In addition to traveling on a relatively horizontal surface as described above, the serpentine robotic crawler is also capable of climbing various structures. For example, as illustrated in
As another example, as illustrated in
Other movement modes are also possible which do not involve the use of the continuous track to provide propulsion. For example, the joints can be articulated to provide serpentine movement, such as slithering in a snake-like manner and sidewinding by dual orthogonal translating sinusoidal segment actuation. Concertina movement can be achieved by lateral bending, folding, and then extension like an earthworm. Caterpillar-like movement can be achieved by axial rippling, rolling, etc. Various other movement modes are possible as well.
A method of moving a serpentine robotic crawler along a supporting surface will be described in conjunction with
Another embodiment of a serpentine robotic crawler can include multiple crawlers as described above, the crawlers being connected together by articulated links. For example,
Summarizing and reiterating to some extent, a serpentine robotic crawler in accordance with embodiments of the present invention can be deployed in a variety of applications and environments. For example, and not by way of limitation, applications can include search and rescue, military operations, and industrial operations. The serpentine robotic crawler can help to avoid the need to expose humans to hazardous environments. The flexibility of the serpentine robotic crawler can allow the device to navigate environments that would normally be difficult to insert a robotic vehicle into. The varied movement modes allow adaptation to a variety of environments. For example, the serpentine robotic crawler can move across surfaces, enter small openings, span gaps, and climb inside or outside various structures.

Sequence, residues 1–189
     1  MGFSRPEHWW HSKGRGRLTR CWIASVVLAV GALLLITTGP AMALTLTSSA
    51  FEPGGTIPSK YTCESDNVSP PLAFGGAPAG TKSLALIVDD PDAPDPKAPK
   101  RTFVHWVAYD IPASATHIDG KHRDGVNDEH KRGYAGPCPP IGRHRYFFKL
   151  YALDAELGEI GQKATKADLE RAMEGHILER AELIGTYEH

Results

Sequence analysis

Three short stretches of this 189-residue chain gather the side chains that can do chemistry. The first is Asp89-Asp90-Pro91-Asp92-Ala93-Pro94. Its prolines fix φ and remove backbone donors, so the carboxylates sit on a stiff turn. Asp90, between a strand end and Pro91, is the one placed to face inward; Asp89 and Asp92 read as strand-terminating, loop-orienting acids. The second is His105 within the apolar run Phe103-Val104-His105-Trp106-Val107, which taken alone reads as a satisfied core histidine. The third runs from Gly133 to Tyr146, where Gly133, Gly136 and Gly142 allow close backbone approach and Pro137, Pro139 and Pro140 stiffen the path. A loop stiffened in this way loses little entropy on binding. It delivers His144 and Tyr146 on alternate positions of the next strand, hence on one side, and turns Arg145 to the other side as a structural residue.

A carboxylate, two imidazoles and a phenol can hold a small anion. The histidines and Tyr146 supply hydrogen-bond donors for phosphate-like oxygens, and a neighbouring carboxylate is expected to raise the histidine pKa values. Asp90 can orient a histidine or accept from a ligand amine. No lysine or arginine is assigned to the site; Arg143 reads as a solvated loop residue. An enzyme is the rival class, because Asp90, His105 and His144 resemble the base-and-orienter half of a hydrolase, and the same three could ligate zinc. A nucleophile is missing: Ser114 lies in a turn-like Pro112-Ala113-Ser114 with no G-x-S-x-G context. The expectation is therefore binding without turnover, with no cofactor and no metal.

The foregoing detailed description describes the invention with reference to specific exemplary embodiments. However, it will be appreciated that various modifications and changes can be made without departing from the scope of the present invention as set forth in the appended claims. The detailed description and accompanying drawings are to be regarded as merely illustrative, rather than as restrictive, and all such modifications or changes, if any, are intended to fall within the scope of the present invention as described and set forth herein.
More specifically, while illustrative exemplary embodiments of the invention have been described herein, the present invention is not limited to these embodiments, but includes any and all embodiments having modifications, omissions, combinations (e.g., of aspects across various embodiments), adaptations and/or alterations as would be appreciated by those in the art based on the foregoing detailed description. The limitations in the claims are to be interpreted broadly based the language employed in the claims and not limited to examples described in the foregoing detailed description or during the prosecution of the application, which examples are to be construed as non-exclusive. For example, in the present disclosure, the term “preferably” is non-exclusive where it is intended to mean “preferably, but not limited to.” Any steps recited in any method or process claims may be executed in any order and are not limited to the order presented in the claims. Means-plus-function or step-plus-function limitations will only be employed where for a specific claim limitation all of the following conditions are present: a) “means for” or “step for” is expressly recited in that limitation; b) a corresponding function is expressly recited in that limitation; and c) structure, material or acts that support that function are described within the specification. Accordingly, the scope of the invention should be determined solely by the appended claims and their legal equivalents, rather than by the descriptions and examples given above.